Five fights we’d like to see featuring the stars of UFC 137
Welcome to our newest feature here at HeavyMMA.com. On the Monday after each major UFC event, we’ll put on our amateur matchmaker hat, pretend we’re Joe Silva and give you five different fights we’d like to see. Let’s get started by making some fights after Saturday’s UFC 137 event.
Donald Cerrone vs. Nate Diaz
This one isn’t just a pipe dream any more – it’s a reality. Diaz and Cerrone will square off at UFC 141 in late December, and I couldn’t be happier.
The fight pits two guys who absolutely love fighting in its most raw element, which is to say that there’s a very good chance we’ll see an exciting standup war. In fact, this is my early pick for Fight of the Night at UFC 141. Unless Lesnar and Overeem engage in a war for the ages, Diaz and Cerrone should go home with some sweet Fight of the Night cash in their pockets.
Diaz doesn’t like Cerrone, and Cerrone seemingly doesn’t like anyone outside of his inner circle. Throw in a little trash-talking from both sides and a possible UFC lightweight title shot on the line for Cerrone, and you’ve got a recipe for something memorable and awesome. You’ve also got Cerrone going for his fifth UFC win in 2011; that may not be a record, but it’s gotta be close.
Roy Nelson vs. Travis Browne
The re-invention of Roy Nelson should continue in the gym over the next few months. He’s no closer to a title shot than he was before soundly beating and retiring the legendary Mirko Cro Cop, which means he’s certainly not going to get the title fight against the winner of Dos Santos/Velasquez that he requested during his interview with Joe Rogan. But he looked like a new man in the cage and, if he sticks with his new conditioning program, he’ll look even better the next time out.
A fight with Cheick Kongo would be a bad style match-up and would likely produce a fight that isn’t very exciting. That’s why I’d rather see Nelson fight someone like Travis Browne. Browne is an interesting prospect and Nelson would obviously present his sternest challenge to date, so a win over Big Country would actually mean something. On the flip side, a Nelson win over Browne still wouldn’t give him a title shot, but it would go a long way towards proving that Nelson can handle bigger, more athletic and faster heavyweights.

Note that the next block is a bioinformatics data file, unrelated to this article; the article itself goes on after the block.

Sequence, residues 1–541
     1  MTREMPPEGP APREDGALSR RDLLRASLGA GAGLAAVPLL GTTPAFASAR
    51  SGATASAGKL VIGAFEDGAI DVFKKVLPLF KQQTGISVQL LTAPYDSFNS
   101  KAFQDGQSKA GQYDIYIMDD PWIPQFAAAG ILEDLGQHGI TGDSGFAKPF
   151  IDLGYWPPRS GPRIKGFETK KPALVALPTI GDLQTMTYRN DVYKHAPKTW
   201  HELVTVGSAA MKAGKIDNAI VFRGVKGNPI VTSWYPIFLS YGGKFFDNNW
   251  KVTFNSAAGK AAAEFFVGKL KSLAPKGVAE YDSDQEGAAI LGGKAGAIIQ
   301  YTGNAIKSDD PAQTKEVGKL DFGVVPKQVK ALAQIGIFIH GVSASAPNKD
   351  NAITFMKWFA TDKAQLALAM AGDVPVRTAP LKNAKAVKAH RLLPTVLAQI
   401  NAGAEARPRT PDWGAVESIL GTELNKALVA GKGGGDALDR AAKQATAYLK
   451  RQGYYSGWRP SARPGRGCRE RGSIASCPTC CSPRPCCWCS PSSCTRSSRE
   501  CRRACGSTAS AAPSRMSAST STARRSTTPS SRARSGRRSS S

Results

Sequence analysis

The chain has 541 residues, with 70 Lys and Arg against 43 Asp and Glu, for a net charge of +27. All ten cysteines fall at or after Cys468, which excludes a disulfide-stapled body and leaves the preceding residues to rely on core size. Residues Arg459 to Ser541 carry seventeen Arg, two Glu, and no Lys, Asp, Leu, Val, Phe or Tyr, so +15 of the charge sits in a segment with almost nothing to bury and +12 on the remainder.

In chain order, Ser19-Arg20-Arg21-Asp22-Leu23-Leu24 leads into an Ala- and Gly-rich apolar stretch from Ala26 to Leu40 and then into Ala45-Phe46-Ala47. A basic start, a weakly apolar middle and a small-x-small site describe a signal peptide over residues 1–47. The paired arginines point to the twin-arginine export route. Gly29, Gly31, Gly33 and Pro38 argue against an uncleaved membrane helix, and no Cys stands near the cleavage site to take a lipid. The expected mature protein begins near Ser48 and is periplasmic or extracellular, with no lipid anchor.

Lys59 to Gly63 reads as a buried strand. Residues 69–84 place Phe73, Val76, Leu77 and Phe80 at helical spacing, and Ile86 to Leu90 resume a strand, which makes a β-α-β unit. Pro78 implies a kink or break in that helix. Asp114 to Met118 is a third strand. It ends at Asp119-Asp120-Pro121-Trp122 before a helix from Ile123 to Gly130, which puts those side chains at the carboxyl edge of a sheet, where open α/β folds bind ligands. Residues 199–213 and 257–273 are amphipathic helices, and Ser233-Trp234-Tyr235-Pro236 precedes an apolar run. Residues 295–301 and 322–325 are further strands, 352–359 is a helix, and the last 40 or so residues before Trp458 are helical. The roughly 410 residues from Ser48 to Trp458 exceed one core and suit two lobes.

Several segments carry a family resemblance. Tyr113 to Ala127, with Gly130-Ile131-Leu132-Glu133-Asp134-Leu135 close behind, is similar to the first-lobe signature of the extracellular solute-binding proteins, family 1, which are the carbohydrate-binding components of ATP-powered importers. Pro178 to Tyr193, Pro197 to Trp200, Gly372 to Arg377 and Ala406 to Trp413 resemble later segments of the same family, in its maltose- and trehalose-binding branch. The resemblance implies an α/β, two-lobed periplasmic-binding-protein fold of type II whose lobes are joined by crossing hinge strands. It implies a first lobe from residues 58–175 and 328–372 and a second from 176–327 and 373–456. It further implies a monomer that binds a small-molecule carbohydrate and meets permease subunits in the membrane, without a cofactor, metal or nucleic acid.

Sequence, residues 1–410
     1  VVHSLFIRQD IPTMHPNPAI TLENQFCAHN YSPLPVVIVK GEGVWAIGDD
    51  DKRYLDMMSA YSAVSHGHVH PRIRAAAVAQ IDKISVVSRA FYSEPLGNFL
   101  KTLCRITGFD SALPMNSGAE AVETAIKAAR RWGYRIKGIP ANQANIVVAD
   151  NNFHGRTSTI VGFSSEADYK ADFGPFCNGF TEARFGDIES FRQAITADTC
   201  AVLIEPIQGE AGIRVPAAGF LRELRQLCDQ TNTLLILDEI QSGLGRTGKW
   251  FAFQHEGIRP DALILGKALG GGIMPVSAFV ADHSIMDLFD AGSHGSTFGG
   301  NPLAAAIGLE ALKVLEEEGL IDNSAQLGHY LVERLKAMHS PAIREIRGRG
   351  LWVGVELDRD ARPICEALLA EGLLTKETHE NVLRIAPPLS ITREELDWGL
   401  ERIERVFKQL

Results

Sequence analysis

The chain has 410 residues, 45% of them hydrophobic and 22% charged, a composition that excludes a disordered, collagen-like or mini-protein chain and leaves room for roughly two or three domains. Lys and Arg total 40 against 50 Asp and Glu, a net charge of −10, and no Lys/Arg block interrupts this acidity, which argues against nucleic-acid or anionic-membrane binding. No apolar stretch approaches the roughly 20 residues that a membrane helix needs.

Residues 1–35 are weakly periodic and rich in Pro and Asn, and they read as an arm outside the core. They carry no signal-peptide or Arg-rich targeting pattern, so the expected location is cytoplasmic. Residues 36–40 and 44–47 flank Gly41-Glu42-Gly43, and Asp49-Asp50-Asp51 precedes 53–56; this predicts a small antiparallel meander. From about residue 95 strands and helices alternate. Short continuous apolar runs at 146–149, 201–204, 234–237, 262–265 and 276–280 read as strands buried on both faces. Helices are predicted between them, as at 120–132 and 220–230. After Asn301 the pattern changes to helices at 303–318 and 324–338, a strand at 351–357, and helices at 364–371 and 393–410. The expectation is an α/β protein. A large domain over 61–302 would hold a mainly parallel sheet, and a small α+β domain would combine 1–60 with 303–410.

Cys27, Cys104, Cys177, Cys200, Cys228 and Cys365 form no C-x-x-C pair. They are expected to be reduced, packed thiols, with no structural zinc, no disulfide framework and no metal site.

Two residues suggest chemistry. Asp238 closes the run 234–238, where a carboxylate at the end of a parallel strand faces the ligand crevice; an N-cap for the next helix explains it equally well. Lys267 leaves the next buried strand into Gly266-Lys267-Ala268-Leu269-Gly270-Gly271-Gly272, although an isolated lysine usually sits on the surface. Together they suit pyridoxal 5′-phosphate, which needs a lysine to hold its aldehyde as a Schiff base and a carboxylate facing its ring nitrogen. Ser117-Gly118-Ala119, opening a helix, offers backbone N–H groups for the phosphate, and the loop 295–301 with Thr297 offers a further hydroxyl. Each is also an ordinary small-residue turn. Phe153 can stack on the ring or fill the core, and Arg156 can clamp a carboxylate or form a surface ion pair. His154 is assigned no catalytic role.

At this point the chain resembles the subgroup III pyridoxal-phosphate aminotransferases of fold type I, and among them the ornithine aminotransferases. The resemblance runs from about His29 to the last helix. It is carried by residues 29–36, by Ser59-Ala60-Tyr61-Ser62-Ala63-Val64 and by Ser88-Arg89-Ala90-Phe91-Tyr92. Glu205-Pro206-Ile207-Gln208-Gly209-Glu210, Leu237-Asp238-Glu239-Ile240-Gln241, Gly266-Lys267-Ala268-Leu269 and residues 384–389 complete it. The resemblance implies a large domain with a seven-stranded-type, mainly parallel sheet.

Hatsu Hioki vs. Bart Palaszewski
Hioki underwhelmed in his UFC debut, but he still earned the all-important win. Palaszewski made quite the impression with his first-round destruction of Tyson Griffin. The featherweight contender ranks are quite thin, at least for the moment, and an emphatic win for either one of these guys could make them a credible title contender for the winner of Jose Aldo vs. Chad Mendes.
Hioki would be forced to deal with a powerful and accurate striker, while Palaszewski would need an improved ground game to avoid being smothered like George Roop. It would be an interesting test for both fighters.
Scott Jorgensen vs. Joseph Benavidez
Benavidez has been on the shelf since August, so he needs a fight. But UFC matchmaker Sean Shelby is in a difficult position with Benavidez. He doesn’t want to put him against a possible contender because, well, Benavidez beats everyone in the world not named Dominick Cruz. If you’re trying to build a contender, you can’t feed him to a guy who would most likely derail his hype train. You also can’t give Benavidez another title shot. Not yet. He’s lost twice to Cruz and it’ll be some time before he gets a third crack, if ever.
Jorgensen showed a much-improved wrestling game in his decision win over Jeff Curran. He lost to Cruz less than a year ago, which means he’s not getting a title shot any time soon. Both guys are top bantamweights, which makes this an important fight in the division.
What makes the fight intriguing is that both fighters are friends. They’re both sponsored by Form Athletics and spend plenty of time together. There wouldn’t be any “teammate vs. teammate” problems, though; both guys train at different camps and have said in the past that they would be willing to fight each other. If Benavidez doesn’t want to wait around until the flyweight class debuts, so let’s give him a fight with some meaning while he waits.
Ramsey Nijem vs. Matt Wiman
You just never know what you’re going to get with Wiman. In one fight he’ll look extremely technical and talented, and in the next he’ll look lost and confused. He’s coming off a win over Mac Danzig earlier this month and will no doubt look to stay active.
Nijem scored his first official UFC win by utterly dominating Danny Downes at UFC 137, even earning a score of 30-25 in the process. His wrestling game was drastically improved since his days in the Ultimate Fighter house, and a bout with Wiman would go a long way towards telling us exactly where Nijem stands and what he could be in the future.